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Old 10-05-2011, 20:22   #6
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Re: Long Distance Buying

Good advice everyone, and Thank You for your time.
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Old 10-05-2011, 21:30   #7
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Re: Long Distance Buying

I think Pblais's advice is right on the money.

Sailboat shopping takes practice... You have an 8 Hour drive (or so) to Lake Michigan. You can see every type of boat imaginable there. Start watching the ads, get a few close together that interest you, and go do a weekend trip to see them. Do this once a month (or whatever fits your budget) until you have your shortlist down to about 3 to 5 boats.

Then you can take that shortlist, and your new found boat shopping skills, to whatever part of the country you want to purchase in, and be an educated buyer that knows what he wants in a boat.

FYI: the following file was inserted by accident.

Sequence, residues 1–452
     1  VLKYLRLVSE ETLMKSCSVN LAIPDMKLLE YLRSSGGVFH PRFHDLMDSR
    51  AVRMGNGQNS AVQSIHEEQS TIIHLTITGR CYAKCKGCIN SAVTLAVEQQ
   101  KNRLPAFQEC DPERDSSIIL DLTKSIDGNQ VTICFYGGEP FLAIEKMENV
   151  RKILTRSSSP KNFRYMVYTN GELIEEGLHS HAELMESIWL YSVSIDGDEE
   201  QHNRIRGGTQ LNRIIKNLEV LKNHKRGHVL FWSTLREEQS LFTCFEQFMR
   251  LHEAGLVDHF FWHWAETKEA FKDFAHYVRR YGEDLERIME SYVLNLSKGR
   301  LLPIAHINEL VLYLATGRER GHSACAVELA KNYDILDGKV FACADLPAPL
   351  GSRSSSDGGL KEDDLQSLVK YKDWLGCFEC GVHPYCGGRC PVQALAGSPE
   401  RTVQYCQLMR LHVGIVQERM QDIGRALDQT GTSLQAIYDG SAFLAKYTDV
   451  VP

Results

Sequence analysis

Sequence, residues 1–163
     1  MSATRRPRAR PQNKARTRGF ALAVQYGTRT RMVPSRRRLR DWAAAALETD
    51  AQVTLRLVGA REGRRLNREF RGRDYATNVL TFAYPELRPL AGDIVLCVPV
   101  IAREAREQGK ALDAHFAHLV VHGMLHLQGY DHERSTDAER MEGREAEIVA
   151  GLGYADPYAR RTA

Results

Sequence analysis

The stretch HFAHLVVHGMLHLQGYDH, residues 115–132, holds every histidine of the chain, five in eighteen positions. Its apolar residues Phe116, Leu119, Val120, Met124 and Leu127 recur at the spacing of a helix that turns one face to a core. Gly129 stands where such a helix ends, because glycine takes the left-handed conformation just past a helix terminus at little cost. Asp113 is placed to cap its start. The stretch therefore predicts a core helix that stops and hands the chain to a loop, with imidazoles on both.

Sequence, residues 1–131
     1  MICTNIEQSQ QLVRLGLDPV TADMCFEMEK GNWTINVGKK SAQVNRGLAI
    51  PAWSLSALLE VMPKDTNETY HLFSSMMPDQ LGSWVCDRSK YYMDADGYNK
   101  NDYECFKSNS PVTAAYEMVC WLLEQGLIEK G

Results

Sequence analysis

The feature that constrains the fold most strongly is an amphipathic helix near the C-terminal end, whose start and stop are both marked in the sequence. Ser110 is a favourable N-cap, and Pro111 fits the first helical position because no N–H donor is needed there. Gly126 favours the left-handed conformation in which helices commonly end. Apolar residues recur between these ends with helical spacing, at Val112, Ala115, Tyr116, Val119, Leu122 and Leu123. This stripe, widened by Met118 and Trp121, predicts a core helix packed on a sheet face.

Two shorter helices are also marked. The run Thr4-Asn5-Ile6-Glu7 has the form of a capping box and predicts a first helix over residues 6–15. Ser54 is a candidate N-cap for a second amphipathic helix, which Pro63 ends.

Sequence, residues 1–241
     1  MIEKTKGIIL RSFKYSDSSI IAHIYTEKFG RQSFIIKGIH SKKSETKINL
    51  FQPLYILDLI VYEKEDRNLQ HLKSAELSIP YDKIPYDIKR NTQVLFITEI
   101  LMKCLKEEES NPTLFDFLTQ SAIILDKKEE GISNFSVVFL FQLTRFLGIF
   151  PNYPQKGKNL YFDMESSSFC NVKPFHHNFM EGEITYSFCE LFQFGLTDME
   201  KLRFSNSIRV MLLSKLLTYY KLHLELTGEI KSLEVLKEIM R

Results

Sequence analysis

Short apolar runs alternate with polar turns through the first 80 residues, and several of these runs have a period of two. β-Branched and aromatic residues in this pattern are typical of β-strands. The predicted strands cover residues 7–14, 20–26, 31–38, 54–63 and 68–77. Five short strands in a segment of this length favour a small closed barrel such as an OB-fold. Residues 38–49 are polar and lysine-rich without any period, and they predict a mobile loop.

In the meantime, Look at every boat that comes even close to what you want. And then look at a few more...
You gotta know what is out there before you can compare one thing to another.

It's imparative to see boats in person, pictures are only good for seeing what type of gear is aboard and what color the curtains are.
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Old 10-05-2011, 22:09   #8
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Re: Long Distance Buying

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Sailboat shopping takes practice...
...and patience.
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Old 10-05-2011, 22:24   #9
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Re: Long Distance Buying